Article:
Welcome to our weekly Trump v. Earth column, in which onEarth reviews the environment-related shenanigans of President Trump and his allies.
A Refuge from What, Exactly?
In 2017, Congress and the Trump administration used the Congressional Review Act—a rarely employed statute that enables Congress to undo a regulation—to repeal the U.S. Fish and Wildlife Service rules that protected predator animals and banned certain inhumane hunting practices in the Alaskan wilderness. The repeal permitted hunters on 16 federally owned wildlife refuges to shoot animals from helicopters and to kill wolves and bears and their young while in or near their dens.
Apparently that bit of cruelty wasn’t enough for Alaska Representative Don Young, because denning wolves and their pups are still protected on lands managed by the National Park Service. This week, at Young’s behest, the NPS proposed a rule repealing those last protections for denning predators.
Hunters will also be allowed to use artificial light to kill hibernating black bears and their cubs within dark dens, to bait and chase down bears with dogs, and to shoot swimming caribou from motorboats.
Young’s stated argument is the usual “federal overreach” nonsense, but the move is just an effort to suppress the population of predator animals so that the preferred prey of human hunters, like those swimming caribou, will be more abundant. Jamie Rappaport Clark of Defenders of Wildlife called the move a “new low” for the administration’s wildlife policies.
Manhandling Reporters in Defense of the Chemical Industry
We learned last week that the U.S. Environmental Protection Agency spearheaded an effort to suppress a scientific study showing that the allowable levels of two chemicals found in drinking water weren’t low enough, putting Americans at risk of low birth weight, immune disorders, and cancer. Rather than publishing the research and sounding the alarm, the administration fretted internally about the public relations fallout and then buried the information.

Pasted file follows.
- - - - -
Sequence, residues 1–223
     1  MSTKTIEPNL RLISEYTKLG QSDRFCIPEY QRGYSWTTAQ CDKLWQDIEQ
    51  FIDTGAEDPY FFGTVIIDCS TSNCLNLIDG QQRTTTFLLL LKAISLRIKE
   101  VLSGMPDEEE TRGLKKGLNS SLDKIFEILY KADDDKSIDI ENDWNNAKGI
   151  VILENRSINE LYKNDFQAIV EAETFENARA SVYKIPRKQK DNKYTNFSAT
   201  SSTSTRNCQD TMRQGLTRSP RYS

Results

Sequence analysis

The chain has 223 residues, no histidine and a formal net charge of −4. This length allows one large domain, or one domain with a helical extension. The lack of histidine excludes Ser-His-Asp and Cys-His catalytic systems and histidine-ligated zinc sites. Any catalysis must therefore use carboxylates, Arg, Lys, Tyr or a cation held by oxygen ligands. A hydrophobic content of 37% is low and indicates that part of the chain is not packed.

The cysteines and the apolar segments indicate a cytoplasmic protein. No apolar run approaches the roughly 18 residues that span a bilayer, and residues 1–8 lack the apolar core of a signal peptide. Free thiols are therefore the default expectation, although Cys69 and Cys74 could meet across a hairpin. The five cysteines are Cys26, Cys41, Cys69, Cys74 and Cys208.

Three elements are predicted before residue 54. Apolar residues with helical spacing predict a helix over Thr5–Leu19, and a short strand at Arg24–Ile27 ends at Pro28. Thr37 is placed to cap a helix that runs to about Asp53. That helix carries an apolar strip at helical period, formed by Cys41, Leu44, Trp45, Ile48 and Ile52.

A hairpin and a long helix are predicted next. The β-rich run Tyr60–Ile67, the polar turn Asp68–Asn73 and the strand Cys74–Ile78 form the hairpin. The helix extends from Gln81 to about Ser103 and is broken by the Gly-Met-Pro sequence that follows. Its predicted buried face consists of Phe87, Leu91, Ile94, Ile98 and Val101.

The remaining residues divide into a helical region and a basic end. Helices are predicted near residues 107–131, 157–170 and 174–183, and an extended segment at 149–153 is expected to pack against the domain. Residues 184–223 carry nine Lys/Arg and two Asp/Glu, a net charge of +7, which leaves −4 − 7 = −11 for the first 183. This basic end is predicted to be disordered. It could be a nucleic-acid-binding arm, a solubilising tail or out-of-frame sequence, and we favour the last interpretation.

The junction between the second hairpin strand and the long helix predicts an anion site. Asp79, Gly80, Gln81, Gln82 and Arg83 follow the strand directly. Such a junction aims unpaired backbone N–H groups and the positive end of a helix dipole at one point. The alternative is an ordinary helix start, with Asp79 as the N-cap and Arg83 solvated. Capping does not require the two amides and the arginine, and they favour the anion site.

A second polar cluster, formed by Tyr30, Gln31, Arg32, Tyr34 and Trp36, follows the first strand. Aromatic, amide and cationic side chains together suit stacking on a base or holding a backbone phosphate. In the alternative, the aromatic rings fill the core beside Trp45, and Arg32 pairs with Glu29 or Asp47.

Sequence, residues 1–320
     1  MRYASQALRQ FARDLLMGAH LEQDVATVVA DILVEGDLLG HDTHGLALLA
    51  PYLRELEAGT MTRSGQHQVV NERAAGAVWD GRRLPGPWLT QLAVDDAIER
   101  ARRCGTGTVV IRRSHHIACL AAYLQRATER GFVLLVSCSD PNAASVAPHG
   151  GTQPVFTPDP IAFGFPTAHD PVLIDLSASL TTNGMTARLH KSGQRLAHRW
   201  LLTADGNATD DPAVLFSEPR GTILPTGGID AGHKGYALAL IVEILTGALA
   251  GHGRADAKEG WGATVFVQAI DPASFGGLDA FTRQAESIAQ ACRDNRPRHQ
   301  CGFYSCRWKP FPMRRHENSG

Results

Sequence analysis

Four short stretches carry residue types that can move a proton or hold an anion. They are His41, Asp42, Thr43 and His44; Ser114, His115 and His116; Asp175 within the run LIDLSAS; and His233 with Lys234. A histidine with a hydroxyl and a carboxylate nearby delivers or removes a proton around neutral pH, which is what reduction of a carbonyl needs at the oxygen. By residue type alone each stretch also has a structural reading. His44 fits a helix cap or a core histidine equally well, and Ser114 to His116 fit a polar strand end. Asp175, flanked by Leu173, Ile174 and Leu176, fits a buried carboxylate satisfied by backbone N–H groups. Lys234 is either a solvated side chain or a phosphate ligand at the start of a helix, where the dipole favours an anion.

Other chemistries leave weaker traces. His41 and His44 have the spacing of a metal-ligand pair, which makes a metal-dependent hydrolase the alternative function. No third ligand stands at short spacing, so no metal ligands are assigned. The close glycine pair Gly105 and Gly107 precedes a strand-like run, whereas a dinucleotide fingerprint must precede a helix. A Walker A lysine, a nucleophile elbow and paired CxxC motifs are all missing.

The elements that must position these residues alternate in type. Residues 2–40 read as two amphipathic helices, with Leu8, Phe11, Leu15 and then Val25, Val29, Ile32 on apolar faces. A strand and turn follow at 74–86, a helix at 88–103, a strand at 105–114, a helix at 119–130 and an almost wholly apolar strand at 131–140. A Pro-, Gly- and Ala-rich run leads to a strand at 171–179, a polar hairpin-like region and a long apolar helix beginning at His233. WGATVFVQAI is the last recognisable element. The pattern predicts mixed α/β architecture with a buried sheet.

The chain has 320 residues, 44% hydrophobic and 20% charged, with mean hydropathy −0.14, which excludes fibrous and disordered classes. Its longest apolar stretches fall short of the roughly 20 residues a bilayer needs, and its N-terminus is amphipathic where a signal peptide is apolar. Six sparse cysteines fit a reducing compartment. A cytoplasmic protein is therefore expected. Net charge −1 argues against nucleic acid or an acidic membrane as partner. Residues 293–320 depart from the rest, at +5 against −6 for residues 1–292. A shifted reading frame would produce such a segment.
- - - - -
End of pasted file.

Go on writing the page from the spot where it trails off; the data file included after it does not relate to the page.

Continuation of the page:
This week, the EPA tried to put on a dignified face and held a hearing explaining the situation―except the Pruitt-era EPA has no dignity, and the effort inevitably descended into farce as the agency blocked major news organizations from attending the press conference. Reporters from the Associated Press, CNN, and E&E were all barred from entering. When one of the journalists asked to speak to an agency public relations staffer, a security guard grabbed her by the shoulders and forcibly removed her from the building.
This isn’t Pruitt’s first indiscretion when it comes to a free and open press. The EPA has removed reporters from Pruitt’s previous public appearances, and his underlings ask radio hosts not to accept calls from the public when the administrator is appearing on their programs. The agency’s PR staff also accused AP journalists of reporting on a Texas Superfund site “from the comfort of Washington” when a video made clear that they had done on-site reporting.
As many have pointed out, Pruitt is taking his cues from the big boss, who uses his Twitter account as a free-speech chilling machine. Trump has made a hobby of insulting reporters personally and the press in general, going so far as to call it “the enemy of the people.” Thomas Jefferson once told John Jay, “Our liberty cannot be guarded but by the freedom of the press.” How far we’ve come.
Where was I . . . Oh, the chemical contamination conference. It did eventually happen, minus a few manhandled reporters, and the EPA did exactly what you’d expect, refusing to commit resources to solving the problem. A New Hampshire official pointed out that the new chemical threat is one of many drinking water problems—some of which are just as dire or more so, and all of which are underfunded—and begged for more EPA resources devoted to water quality. The EPA’s response? “Thank you for your opinion.”